|more on percent grade||ET|
Jul 18, 2003 11:09 AM
|I had a few comments to add to the percent grade thread that has now dropped off the page. (I had trouble logging in since it's been a while. BTW, hi, everyone!).
As was stated in that thread, percent grade is defined as rise over run, i.e. the vertical distance traveled over the horizontal distance traveled, or in math terms, the slope. It is not taken to be the angle formed (or equivalently, the percent of 90 degrees), although I wish it were, as that is somewhat easier to comprehend.
It was suggested that one could use the road distance (the hypotenuse of the triangle formed) as a proxy for run, which would be convenient since run is often unobtainable, whereas road distance can be obtained from your bike's computer readout. Doug Sloan gave a link to an interesting chart he constructed revealing that the error in using distance traveled instead of run is small, even for rather steep grades. I just wanted to elucidate on that a bit. It turns out it's not so mysterious or coincidental.
Rise over run is simply the tangent (side opposite over side adjacent) of the angle of the triangle formed in the ascent up the hill. Rise over road distance is merely the sin of the same angle. The reason the two are close is that for reasonably small values, sin and tan are close to each other. This can be seen by looking at the Taylor series expansion of the two:
sin(x) = x (x^3)/3! + (x^5)/5! x^7)/7! + .
tan(x) = x + (x^3)/3 + 2(x^5)/15 + 17(x^7)/315 + .
It is worth noting that this shows that when tan(x) (i.e., rise over run) is positive, it always exceeds sin(x) (i.e., rise over road distance), not surprising since tan(x) = sin(x)/cos(x) where cos(x) is less than 1. If you truncate each of the above series at any term, there are known formulas bounding the error in terms of the first term discarded, so we could get a nice upper bound on the difference between the two series as well if we wanted to. In any case, here's something very practical: even for steeper grades where the error between the two grows, given rise over road distance you can anyway find (well, when you get home) rise over run: rise/road distance = sin(x), so x = arcsin(sin x), and now that you have the angle x, you can find tan(x). An Excel spreadsheet has all the built-in functions (e.g. ASIN) to handle this.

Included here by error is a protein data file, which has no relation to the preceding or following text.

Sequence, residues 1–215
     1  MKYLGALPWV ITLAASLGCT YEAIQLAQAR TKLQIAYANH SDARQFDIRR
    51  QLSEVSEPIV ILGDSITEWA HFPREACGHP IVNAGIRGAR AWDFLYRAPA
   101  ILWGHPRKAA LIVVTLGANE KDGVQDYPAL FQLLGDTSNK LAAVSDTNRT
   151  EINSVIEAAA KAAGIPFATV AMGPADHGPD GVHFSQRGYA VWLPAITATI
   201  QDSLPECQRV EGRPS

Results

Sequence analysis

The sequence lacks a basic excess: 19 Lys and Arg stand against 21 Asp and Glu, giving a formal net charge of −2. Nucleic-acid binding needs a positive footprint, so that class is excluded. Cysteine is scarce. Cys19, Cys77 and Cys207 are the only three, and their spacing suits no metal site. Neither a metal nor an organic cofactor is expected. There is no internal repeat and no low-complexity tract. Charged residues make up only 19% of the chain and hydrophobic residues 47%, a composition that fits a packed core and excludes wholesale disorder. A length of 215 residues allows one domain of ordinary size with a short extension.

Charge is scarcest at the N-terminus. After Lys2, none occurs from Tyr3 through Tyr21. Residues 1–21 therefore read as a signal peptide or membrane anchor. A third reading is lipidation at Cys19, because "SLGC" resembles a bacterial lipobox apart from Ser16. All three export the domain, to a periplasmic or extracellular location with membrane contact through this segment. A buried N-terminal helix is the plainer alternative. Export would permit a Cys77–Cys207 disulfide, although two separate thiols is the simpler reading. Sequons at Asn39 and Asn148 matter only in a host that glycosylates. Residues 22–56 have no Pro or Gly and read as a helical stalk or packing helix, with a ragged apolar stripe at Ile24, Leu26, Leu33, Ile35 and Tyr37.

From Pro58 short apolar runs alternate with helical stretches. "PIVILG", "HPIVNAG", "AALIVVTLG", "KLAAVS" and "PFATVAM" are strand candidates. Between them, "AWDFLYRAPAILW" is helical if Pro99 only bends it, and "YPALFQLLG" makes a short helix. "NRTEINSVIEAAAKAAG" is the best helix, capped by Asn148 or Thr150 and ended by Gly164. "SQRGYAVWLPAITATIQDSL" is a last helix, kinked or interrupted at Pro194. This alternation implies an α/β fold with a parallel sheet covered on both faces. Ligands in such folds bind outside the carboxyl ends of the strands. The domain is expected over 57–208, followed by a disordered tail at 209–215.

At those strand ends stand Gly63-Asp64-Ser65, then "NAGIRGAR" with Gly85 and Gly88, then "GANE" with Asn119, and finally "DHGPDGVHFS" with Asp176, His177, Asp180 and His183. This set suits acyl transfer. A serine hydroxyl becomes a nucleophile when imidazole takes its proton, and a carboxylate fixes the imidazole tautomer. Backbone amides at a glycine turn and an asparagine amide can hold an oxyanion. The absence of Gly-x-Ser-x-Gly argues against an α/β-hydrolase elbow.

As an example, suppose you have found rise/road distance to be .14834. Then arcsin (.14834) = .14889 (confirming the well-known adage that x and sin(x) are close in value for small x, something obvious from the Taylor series expansion). Then rise/run = tan(.14889) = .15, i.e. a 15% grade. The error using road distance instead of run is .15-.14834 = .00166. Incidentally, the angle .14889 translates into 8.53 degrees.
It should be pointed out, of course, that due to undulating road conditions, road distance will always be a bit longer than the actual hypotenuse of the triangle used in the calculations, so that adds a bit of error.
|re: more on percent grade||03Vortex|
Jul 18, 2003 11:17 AM
|Thnaks but too complicated for me. I think I will just suck it up and accept whatever the road has to throw at me. Sometimes, the less we know the better.|
|A fellow engineer?||Alexx|
Jul 18, 2003 11:59 AM
|Or perhaps a math professor? Gee, the lat time I saw a Taylor series was either in Physics 3, or in Claculus 2.
From what I can remember, taking the series to 3 iterations chould be accurate enough, therefore:
sin(x) = x (x^3)/3! + (x^5)/5! x^7)/7!
tan(x) = x + (x^3)/3 + 2(x^5)/15 + 17(x^7)/315
is quite suficient.
Jul 18, 2003 12:23 PM
|Pure mathematician here. So if you need to know, say, how much milk a cow makes in an hour, well, let's see: assume it's a perfectly spherical cow...
Anyway, I now work as an actuary (gotta pay the bills, you know :-)).
Jul 18, 2003 3:08 PM
|ET, you made me change my login a few years ago...
I use to be "ET" on mtbr.com, but now I've changed.
Bike content? How about I'm going to be purchasing my first road bike next month and I've decided on:
1) Steel frame
2) Triple crank (What can I say? I'm a dirty rider)
3) 105 components or better.
So what am I looking at? Something two or three years old for around 1K ?
Jul 18, 2003 7:35 PM
|I can get you a new LeMond steel frame w/ 105 for that.
For a grand and a year or two old, you should be able to find an Ultegra bike with an 853 frame and some nice wheels. Shop around.. the deals are there, you may just need to find them. Also, '04 bikes are starting to come out.. if you LBS has 2003's in stock, they are gonna start to get ancy about moving them.